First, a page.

San Francisco to Host New Stem Cell Research Center
MELISSA BLOCK, host:
San Francisco was the front-runner, and today it won the heated competition for California's new stem-cell research institute. Besides bringing new scientific prestige to the Bay area, the institute will spend $3 billion on stem-cell projects over the next decade. As NPR's John McChesney reports, it all started when a businessman launched a California ballot initiative that made the stem-cell institute possible.
JOHN McCHESNEY reporting:
Robert Klein is a real estate developer, not the professional background you might expect for the man behind California's bid to become the stem-cell research capital of the world. But Klein's mother has Alzheimer's disease, and his son has juvenile diabetes. So when the Bush administration greatly restricted federally funded human embryonic stem-cell research, Klein went into action. He authored a ballot proposal which was passed by 59 percent of California's voters. He also lives in the San Francisco Bay area.
Mr. ROBERT KLEIN (Author of Ballot Proposal): In San Francisco, we have the greatest aggregation of biotech expertise in the state. We have 89,000 jobs within this region, centered around San Francisco, and that's a tremendous resource for hiring for the institute's staff.
McCHESNEY: San Francisco's international character is another reason Klein and the site selection committee chose the city over its principal rivals, San Diego and Sacramento.
Mr. KLEIN: There are 84 embassies in San Francisco. This is a global platform for stem-cell research that is being created.
McCHESNEY: Klein says the rich heritage of medical research at Stanford University and the Universities of California in San Francisco and Berkeley were also decisive in choosing the City by the Bay. And San Francisco threw in a lot of freebies in its bid for the institute: 10 years of free office rent, free lab space, free conference facilities and free or discounted hotel rooms for the international conferences the institute will host. But the new institute will have a staff of only 50 people and will do no research itself, so why have the state's cities been so eager to have it? Klein suggests one reason.
Mr. KLEIN: You can only provide grants to companies in California, and they have to spend it in California. So being a California company is not enough. You have to spend the money in California. We're looking to create California jobs while we are accomplishing this mission.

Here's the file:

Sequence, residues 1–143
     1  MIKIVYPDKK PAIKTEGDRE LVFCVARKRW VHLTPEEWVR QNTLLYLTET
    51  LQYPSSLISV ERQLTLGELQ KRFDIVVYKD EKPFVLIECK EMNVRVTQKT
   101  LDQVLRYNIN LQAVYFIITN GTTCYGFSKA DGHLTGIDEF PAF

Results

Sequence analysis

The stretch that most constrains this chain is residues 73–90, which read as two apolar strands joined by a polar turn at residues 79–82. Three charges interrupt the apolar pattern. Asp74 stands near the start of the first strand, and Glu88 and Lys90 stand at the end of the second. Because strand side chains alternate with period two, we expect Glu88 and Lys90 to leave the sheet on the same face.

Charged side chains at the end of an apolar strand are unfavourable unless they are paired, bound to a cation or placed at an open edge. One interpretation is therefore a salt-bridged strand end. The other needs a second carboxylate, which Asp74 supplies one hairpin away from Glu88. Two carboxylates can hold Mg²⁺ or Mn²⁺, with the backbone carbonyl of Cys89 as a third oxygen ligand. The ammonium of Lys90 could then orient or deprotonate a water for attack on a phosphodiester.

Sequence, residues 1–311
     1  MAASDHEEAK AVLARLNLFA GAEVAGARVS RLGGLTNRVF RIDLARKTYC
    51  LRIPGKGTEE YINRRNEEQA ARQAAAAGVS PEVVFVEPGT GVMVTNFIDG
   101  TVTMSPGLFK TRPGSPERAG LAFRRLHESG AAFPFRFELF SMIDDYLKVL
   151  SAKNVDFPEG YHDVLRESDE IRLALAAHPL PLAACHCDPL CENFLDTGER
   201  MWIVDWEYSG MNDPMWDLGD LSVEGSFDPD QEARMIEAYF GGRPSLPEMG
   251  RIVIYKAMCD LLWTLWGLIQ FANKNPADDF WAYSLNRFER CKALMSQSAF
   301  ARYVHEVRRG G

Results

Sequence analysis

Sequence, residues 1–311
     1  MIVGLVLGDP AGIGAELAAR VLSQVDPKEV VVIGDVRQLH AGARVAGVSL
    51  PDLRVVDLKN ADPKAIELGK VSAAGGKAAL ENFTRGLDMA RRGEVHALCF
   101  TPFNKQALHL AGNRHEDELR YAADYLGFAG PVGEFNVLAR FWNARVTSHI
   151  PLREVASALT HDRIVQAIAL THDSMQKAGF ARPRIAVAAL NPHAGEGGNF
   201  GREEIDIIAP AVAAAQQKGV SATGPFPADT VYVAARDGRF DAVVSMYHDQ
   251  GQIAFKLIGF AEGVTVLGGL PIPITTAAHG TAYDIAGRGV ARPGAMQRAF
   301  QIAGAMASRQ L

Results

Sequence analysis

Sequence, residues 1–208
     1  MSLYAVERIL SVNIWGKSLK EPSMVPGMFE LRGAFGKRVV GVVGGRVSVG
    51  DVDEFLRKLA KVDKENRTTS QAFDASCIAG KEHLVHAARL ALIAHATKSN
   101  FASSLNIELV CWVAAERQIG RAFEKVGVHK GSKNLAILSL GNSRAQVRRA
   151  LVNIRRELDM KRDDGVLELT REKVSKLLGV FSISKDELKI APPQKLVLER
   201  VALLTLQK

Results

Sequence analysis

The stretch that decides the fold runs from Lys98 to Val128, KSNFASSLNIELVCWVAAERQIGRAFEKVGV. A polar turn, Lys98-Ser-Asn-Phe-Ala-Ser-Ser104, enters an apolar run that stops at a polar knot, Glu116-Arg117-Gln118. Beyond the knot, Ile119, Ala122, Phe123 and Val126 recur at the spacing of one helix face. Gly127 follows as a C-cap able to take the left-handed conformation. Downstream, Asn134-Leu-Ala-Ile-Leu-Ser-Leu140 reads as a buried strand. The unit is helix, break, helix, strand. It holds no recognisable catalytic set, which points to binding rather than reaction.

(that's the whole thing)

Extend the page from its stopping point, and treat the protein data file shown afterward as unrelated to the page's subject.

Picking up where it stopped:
McCHESNEY: San Francisco Mayor Gavin Newsom hopes that having the institute in his city will create a biotech renaissance here to offset the lingering aftermath of the dot-com bust. His assumption is that since the money has to be spent in California, researchers and companies will want to be near the hub of stem-cell research activity and commerce created by the institute.
Dr. Arnold Kriegstein is the director of the pioneering stem-cell program at the University of California, San Francisco.
Dr. ARNOLD KRIEGSTEIN (University of California at San Francisco): Symbolically it would make a significant impact to have San Francisco viewed as a center for stem-cell research here in California.
McCHESNEY: He feels that the new institute will jump-start stem-cell research in the United States and says California universities are gearing up for the newfound largesse.
Dr. KRIEGSTEIN: It has already created a great deal of excitement in the state. It's started institutions thinking about organizing programs, bringing in resources, bringing in intellectual resources by recruiting people here and really starting ambitious programs.
McCHESNEY: Dr. Kriegstein offers one more reason for San Francisco being the right choice for the home of the institute: It's a gateway to Asia.
Dr. KRIEGSTEIN: A lot of the pioneering efforts in human embryonic stem-cell work is actually taking place in Asia: Korea, Singapore, to some extent China. And San Francisco has always had a traditional relationship to that part of the Pacific Rim.
McCHESNEY: Opponents of human embryonic stem-cell research have gone to court to challenge the institute, but director Robert Klein says he's confident that millions of dollars in grants will soon start flowing to researchers. John McChesney, NPR News, San Francisco.
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